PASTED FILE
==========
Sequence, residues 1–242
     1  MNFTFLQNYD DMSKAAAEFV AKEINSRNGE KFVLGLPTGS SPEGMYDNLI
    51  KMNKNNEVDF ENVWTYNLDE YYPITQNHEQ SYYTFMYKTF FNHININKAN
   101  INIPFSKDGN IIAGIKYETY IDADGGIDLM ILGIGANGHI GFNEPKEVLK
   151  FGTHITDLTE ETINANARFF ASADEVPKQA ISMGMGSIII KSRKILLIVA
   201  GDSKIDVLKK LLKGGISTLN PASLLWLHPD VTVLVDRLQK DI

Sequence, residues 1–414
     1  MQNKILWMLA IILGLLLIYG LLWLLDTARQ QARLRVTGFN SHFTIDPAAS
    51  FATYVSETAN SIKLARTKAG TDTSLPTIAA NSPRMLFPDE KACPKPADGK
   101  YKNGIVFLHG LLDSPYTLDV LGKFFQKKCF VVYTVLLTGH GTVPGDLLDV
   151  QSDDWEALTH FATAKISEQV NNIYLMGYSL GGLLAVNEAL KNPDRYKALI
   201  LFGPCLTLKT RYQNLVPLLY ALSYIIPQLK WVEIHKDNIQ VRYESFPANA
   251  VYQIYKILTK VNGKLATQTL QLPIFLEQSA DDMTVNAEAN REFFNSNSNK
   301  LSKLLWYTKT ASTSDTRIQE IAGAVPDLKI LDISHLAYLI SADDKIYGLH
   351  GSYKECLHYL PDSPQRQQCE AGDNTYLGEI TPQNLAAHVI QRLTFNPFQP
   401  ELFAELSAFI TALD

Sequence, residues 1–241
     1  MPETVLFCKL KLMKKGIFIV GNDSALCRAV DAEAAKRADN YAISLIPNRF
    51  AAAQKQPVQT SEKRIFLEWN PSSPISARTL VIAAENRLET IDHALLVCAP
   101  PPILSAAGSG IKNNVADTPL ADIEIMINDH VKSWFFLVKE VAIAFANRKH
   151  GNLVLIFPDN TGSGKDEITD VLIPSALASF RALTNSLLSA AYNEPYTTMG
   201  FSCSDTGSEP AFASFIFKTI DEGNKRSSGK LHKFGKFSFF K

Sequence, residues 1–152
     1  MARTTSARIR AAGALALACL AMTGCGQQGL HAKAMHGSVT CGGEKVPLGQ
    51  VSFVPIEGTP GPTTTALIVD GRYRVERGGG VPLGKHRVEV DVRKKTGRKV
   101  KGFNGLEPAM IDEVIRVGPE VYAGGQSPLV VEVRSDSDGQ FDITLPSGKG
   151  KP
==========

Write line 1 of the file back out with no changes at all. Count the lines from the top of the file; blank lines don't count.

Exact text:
Sequence, residues 1–242